I created American Orchard in the wake of the publication of my book, Johnny Appleseed and the American Orchard (Johns Hopkins, 2013), and envisioned it as a place to share stories and excerpts from the book, as well as many of the interesting tangents and stories which were excised from that book as I sought to preserve a more focused narrative. In the year and a half since the publication of Johnny Appleseed I have continued to explore themes related to apples and other orchard crops, but have felt constrained by the original subtitle of this blog: “A blog about eating, drinking, sharing, and stealing apples.” I am excited about my next project, a more comprehensive history of the apple in America, which will be unconstrained by the narrative of one man’s life (and trajectory of his myth in this afterlife) and allow me to explore more broadly the role orchard agriculture has played, and continues to play in this history of the United States, from northern New England to the Southern Hill Country, as well as from the highlands of New Mexico to the high plains of eastern Washington. Furthermore, as a professor at a small liberal arts college, it is neither my purview nor desire to constrain my historical interests too narrowly, so I intend to explore subjects pertaining to my broad teaching fields in American History, especially American Environmental History in American Orchard version 2.0. The new subtitle, “Historical perspectives on food, farming, and landscape,” will serve as the new broader boundaries of this blog,and I look forward to sharing with you perspectives and insights that come from my research as well as the material I am teaching in my classes. I am currently working on a chapter on the transformation of the apple industry in Virginia’s Shenandoah Valley in the early decades of the twentieth century, so questions surrounding orchards and labor are foremost in my mind, which explains the picture I am currently using for a header. But expect to find more than just apples on this blog. I intend to write about Americans’ relationship with trees, both wild and cultivated, about changing American diet and foodways, about the ways in which capitalism continues to transform food production, and controversies over pesticides, genetic modification, and globalization, often, but not always, using the orchard fruit industry as a lens for viewing these issues.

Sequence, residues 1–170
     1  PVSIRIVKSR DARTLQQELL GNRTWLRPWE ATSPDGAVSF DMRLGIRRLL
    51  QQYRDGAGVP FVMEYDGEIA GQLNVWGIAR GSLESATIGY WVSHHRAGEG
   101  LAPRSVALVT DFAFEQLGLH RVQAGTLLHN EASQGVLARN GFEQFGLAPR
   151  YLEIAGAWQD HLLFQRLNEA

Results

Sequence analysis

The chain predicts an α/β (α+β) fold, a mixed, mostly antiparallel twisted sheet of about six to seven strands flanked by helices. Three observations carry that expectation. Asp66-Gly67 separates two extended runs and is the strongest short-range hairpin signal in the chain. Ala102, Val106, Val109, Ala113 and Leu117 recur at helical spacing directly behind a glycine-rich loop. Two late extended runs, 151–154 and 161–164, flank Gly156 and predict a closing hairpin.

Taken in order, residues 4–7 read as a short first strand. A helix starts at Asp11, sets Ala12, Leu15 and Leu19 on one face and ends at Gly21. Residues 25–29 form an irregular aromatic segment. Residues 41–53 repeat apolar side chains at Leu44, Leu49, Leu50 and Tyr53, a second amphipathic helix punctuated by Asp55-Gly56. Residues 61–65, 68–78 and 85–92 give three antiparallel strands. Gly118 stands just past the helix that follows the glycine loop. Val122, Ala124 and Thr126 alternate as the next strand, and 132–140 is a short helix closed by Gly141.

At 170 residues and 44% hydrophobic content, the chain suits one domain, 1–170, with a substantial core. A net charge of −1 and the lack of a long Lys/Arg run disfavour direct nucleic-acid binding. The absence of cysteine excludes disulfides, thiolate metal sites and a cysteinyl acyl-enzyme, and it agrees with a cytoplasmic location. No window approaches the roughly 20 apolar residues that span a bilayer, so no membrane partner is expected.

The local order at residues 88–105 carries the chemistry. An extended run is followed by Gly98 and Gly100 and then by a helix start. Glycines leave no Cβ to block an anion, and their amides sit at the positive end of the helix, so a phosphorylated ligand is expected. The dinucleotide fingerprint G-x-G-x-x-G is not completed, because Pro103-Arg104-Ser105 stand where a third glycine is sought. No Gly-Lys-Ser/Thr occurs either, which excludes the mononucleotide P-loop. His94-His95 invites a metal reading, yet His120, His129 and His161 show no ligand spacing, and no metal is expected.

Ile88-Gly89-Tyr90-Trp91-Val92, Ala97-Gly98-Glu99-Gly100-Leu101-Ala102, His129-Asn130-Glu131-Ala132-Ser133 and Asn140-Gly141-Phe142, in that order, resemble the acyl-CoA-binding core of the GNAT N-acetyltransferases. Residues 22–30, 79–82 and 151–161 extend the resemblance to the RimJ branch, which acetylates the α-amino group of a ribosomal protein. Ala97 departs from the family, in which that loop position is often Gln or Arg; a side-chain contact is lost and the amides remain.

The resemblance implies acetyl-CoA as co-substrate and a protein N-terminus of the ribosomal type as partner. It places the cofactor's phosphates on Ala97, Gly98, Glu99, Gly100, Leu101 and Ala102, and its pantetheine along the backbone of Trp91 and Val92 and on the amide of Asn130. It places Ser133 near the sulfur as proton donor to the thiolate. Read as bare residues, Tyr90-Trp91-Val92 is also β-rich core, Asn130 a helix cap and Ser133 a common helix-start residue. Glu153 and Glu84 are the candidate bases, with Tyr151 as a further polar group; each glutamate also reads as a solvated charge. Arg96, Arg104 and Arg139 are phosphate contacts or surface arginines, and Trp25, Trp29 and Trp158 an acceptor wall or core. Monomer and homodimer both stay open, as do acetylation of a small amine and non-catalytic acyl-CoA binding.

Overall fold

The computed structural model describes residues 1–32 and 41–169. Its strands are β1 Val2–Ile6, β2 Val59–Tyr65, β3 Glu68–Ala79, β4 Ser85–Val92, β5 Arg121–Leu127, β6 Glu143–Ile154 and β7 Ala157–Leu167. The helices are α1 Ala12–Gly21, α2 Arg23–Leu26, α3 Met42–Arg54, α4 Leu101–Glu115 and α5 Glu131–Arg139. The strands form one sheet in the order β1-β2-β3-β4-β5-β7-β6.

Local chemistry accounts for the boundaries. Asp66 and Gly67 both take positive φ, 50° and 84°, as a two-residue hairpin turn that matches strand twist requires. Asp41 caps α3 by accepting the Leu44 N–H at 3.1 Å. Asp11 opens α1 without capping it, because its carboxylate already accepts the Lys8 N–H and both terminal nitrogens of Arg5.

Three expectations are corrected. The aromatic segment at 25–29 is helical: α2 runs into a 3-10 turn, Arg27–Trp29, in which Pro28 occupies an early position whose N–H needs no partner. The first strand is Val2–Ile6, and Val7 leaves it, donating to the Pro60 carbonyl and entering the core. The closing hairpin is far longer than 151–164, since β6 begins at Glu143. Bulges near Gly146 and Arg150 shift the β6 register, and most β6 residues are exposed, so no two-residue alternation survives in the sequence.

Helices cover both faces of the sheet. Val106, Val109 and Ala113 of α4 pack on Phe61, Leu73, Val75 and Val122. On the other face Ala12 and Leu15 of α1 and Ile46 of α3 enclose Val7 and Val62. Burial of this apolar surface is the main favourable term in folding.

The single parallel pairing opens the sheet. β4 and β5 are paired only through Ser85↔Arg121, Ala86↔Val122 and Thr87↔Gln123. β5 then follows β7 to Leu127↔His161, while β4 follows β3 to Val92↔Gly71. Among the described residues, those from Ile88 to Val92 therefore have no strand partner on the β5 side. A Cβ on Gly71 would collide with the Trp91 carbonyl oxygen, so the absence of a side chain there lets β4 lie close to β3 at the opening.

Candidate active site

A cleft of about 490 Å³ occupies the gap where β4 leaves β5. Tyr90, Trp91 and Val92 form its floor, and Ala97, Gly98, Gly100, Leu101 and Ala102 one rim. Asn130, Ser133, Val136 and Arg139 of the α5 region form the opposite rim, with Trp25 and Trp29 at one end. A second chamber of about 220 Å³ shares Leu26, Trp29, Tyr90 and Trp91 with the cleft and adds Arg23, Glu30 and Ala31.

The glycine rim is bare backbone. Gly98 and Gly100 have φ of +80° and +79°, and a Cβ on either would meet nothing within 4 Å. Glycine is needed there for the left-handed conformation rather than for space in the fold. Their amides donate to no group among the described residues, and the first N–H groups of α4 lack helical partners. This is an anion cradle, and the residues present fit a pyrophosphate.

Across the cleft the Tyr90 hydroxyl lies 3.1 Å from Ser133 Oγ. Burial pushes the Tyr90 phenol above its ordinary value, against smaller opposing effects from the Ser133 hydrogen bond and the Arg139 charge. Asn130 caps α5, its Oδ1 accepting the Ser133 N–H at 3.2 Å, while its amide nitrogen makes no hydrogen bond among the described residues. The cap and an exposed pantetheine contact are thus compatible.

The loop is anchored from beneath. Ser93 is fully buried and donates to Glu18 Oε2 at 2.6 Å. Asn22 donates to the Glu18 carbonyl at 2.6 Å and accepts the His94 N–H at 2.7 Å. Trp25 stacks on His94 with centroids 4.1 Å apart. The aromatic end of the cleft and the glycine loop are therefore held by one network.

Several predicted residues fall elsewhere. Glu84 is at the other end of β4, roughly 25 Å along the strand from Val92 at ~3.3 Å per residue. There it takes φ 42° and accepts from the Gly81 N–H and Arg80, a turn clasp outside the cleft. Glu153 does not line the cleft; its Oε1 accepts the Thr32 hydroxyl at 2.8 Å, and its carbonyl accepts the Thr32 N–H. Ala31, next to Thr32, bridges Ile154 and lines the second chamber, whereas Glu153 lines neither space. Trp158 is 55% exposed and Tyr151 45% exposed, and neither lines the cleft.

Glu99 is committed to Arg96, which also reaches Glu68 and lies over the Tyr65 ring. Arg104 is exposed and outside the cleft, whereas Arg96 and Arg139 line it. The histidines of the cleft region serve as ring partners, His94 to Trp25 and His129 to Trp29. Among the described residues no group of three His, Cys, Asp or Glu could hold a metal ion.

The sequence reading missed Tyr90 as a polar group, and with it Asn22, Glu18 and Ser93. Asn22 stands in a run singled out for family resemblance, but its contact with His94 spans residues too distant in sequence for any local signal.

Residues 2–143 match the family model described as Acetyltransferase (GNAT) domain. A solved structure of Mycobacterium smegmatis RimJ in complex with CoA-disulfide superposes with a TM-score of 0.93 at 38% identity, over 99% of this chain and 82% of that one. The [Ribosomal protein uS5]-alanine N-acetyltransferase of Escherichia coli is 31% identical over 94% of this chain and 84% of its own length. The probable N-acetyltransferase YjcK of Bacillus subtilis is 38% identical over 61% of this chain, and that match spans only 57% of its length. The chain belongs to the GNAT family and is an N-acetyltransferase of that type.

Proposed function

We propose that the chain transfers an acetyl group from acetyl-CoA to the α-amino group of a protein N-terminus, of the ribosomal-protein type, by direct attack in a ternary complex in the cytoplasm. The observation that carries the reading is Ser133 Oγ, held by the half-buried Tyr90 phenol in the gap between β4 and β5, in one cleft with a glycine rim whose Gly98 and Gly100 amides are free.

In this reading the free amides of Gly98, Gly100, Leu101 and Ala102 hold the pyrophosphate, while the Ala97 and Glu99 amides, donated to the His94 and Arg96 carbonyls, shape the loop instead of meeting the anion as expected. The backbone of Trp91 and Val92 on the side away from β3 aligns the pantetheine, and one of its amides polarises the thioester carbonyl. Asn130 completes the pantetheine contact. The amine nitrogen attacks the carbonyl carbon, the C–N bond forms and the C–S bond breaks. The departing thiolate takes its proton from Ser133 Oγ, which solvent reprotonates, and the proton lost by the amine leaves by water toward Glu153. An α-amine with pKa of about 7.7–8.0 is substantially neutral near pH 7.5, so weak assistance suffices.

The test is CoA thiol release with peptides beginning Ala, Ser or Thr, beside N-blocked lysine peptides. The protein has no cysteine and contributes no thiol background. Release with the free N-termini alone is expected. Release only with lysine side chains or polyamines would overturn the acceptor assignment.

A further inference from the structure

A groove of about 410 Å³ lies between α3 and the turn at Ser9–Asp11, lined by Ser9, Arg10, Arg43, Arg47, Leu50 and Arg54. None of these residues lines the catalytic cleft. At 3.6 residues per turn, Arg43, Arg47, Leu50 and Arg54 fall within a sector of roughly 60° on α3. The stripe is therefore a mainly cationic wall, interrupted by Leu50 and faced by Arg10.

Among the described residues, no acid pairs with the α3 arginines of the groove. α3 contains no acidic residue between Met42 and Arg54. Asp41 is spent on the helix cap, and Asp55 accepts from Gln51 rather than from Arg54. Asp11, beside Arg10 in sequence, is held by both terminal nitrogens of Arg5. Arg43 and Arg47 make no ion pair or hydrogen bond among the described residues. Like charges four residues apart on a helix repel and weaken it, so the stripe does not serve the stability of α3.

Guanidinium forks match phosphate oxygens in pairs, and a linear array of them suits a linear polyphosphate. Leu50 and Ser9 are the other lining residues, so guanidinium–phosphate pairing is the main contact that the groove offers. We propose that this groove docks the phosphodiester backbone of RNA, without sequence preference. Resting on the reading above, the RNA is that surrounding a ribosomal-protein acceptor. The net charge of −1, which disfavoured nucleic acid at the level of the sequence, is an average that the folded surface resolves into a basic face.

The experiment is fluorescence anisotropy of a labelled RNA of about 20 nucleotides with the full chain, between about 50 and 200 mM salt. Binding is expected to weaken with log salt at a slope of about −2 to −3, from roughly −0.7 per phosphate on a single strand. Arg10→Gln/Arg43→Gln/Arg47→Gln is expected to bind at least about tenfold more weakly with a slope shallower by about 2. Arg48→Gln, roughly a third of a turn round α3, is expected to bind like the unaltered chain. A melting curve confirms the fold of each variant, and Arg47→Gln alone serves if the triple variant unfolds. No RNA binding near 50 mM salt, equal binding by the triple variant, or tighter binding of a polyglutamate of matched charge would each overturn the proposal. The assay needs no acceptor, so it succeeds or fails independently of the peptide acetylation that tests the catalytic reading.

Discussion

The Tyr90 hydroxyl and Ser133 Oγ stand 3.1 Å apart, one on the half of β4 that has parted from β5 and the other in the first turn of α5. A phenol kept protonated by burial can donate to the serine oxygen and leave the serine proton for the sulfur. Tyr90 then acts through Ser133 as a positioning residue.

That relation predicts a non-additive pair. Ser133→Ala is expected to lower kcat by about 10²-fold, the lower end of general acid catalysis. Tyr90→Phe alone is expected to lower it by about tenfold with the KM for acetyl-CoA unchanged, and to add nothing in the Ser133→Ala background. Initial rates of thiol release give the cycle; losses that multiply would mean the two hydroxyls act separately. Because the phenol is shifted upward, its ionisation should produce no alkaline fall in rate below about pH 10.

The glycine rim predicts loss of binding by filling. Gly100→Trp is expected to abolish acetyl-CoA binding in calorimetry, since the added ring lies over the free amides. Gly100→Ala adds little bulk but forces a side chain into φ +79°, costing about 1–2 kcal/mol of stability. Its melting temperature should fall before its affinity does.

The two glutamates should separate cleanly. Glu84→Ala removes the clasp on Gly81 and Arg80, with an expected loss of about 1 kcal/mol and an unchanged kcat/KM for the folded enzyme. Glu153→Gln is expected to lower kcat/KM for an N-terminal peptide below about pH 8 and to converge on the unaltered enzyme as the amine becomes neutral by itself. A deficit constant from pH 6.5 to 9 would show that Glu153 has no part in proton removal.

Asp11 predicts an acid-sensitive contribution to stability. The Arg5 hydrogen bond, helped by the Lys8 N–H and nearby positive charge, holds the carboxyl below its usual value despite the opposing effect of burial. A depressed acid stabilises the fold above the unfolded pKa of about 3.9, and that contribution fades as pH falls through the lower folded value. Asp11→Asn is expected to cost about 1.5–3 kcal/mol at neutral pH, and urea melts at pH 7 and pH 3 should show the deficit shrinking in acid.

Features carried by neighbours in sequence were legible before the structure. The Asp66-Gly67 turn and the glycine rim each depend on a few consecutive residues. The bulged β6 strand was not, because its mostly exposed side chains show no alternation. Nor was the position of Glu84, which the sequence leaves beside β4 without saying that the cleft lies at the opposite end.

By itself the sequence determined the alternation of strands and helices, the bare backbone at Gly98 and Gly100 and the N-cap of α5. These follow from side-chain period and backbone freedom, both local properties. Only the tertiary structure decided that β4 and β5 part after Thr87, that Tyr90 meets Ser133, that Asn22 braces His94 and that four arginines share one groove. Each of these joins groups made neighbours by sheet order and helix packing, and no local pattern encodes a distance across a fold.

John Chapman earned the nickname “Johnny Appleseed” during his lifetime, and people started sharing stories about the eccentric apple tree planter in the Ohio and Indiana communities where he spent much of his life long before he died in 1845. But Johnny Appleseed did not emerge as a figure in the American national origin story until the 1870s. In the late 19th century and throughout the first half of the twentieth century, most of the promoters of the Johnny Appleseed legend were social reformers, some of a socialist bent, who celebrated Johnny Appleseed’s efforts to promote a common social good by providing apple trees available to all. After World War II, the range of acceptable national myth narratives narrowed considerably. As the United States increasingly defined itself against Soviet communism, interpretations of Johnny Appleseed